SPIDER-MAN at 50: This is the 50th anniversary of the Marvel icon and all year Hero Complex will be talking to notable names about the character’s success and singular appeal. Today: Darwyn Cooke explains how he found a connection — and a career — in early Spider-Man comics.
If you look his audacious career, you might think Darwyn Cooke doesn’t believe in the concept of sacred ground — this is, after all, the writer-artist behind an upcoming prequel to “Watchmen,” an acclaimed revival of Will Eisner’s “The Spirit” and IDW’s ambitious, ongoing adapations of Donald Westlake’s Parker novels — but the Nova Scotian said that in his youth there was a holy text that arrived and inspired his entire artistic life: “The Amazing Spider-Man” King Size Special No. 9 back in 1973.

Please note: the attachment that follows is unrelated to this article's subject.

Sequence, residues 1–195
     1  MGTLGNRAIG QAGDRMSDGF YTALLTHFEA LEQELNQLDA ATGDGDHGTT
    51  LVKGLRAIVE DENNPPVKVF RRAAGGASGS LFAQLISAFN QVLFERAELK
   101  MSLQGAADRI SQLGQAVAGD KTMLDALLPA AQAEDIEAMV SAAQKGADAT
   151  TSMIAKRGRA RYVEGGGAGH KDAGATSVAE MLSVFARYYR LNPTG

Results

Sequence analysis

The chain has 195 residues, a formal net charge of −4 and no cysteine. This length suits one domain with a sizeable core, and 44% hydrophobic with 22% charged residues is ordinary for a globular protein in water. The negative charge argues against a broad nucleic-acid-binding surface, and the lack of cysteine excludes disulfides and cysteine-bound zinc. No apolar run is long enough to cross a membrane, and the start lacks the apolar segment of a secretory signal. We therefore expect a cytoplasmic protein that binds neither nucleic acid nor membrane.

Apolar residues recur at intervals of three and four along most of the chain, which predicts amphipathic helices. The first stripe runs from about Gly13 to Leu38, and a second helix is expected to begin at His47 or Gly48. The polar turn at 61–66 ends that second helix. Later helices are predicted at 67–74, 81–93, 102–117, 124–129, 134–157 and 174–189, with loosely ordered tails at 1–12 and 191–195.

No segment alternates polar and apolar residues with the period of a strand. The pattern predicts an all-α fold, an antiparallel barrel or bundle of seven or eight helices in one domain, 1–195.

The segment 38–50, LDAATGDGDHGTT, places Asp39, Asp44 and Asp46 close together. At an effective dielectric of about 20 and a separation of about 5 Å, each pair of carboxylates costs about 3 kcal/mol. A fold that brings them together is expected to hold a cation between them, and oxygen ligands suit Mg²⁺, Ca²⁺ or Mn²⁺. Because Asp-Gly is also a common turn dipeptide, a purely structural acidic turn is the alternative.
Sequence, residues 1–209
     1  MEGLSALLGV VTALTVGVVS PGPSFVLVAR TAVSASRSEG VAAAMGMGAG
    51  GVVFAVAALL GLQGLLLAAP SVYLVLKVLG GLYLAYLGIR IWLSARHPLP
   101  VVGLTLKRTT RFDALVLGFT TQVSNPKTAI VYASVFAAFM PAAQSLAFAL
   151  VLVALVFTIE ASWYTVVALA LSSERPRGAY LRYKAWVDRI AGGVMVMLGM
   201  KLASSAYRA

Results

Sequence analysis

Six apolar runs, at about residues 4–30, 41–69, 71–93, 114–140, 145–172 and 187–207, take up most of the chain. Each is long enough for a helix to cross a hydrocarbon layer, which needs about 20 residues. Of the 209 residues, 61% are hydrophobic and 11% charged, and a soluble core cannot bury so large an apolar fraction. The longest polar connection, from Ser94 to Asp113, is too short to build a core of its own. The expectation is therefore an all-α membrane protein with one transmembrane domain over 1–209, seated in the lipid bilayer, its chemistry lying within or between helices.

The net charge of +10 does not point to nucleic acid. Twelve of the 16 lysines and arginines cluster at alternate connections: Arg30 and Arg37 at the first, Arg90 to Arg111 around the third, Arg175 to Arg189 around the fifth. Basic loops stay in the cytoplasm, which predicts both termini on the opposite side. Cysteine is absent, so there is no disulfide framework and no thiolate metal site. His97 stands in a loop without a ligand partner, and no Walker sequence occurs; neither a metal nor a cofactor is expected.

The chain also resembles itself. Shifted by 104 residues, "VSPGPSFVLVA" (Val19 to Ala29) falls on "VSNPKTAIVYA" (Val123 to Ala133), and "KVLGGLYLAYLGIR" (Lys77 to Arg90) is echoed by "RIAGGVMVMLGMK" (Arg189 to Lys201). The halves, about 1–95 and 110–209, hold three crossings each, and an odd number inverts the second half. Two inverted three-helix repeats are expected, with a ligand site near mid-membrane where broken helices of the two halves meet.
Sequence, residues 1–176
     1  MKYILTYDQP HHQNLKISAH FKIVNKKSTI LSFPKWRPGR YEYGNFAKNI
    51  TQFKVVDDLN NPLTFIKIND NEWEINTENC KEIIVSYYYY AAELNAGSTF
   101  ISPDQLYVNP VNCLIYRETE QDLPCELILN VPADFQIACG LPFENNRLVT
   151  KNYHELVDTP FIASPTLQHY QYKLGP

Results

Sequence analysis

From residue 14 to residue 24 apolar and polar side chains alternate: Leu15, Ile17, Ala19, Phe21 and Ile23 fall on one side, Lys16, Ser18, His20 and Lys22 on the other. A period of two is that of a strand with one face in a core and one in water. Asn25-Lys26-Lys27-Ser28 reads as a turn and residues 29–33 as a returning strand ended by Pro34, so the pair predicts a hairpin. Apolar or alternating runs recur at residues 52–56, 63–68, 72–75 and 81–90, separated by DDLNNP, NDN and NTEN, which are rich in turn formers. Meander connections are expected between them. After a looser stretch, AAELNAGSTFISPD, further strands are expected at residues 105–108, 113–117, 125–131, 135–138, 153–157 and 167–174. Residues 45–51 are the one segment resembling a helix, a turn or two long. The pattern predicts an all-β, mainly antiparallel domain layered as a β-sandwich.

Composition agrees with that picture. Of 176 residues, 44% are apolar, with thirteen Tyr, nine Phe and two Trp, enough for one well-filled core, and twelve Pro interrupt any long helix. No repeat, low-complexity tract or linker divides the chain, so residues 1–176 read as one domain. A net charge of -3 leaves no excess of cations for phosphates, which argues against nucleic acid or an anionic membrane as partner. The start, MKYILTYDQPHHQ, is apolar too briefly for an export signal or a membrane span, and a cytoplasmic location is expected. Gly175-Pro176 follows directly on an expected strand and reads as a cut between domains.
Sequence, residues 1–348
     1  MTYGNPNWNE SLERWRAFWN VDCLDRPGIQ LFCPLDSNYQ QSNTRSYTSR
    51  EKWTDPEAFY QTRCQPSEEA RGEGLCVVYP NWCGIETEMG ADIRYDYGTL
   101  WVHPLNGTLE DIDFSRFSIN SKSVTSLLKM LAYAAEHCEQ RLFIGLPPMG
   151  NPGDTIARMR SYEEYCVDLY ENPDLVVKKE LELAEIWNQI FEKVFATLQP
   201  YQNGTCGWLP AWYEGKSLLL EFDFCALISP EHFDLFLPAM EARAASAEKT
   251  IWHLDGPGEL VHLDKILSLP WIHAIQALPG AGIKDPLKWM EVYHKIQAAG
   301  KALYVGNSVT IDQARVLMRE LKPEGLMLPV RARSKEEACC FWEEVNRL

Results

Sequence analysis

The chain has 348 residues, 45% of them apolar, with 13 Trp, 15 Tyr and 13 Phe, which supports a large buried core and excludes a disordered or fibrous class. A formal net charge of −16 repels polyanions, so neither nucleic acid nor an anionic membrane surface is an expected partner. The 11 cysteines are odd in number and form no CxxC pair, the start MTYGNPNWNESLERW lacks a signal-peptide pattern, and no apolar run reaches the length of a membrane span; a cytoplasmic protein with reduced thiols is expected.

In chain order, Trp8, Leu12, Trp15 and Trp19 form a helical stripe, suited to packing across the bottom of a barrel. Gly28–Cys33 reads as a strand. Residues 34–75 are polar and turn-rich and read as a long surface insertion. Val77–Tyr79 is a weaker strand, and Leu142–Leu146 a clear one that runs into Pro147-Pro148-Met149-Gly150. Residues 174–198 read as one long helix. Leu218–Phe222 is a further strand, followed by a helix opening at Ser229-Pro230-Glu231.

“For me, the greatest Spidey story I ever read was the first. It was the magazine-sized comic they did with the Green Goblin. The one where Osborn invites the kids over for a dinner party and starts losing his mind in front of them. That story was a monster and it was the moment when I was able to put my love of drawing and comics together. I remember the next day I took every penny I had and went to the drugstore. I bought four sheets of bristol board and three big fat markers — a black, a red and a blue. I went home and drew posters of my favorite Spidey drawings in the comic.”
It was the vivid visuals that first grabbed the future Eisner Award-winner but it was the themes and messages of the Spider-Man stories that kept him coming back.
“Spider-Man was a wonderful comic when I was a kid. I was overweight when I was young, and that really led me to identify with the social outcast aspect of both “bookworm” Peter Parker and Spidey himself. Stan Lee and Steve Ditko — and later John Romita — were so adept at weaving Peter’s stressed-out life through the –literally — fantastic adventures that there is a wonderfully stylized reality to the cast and the way things play out for our hero.”
— Geoff Boucher
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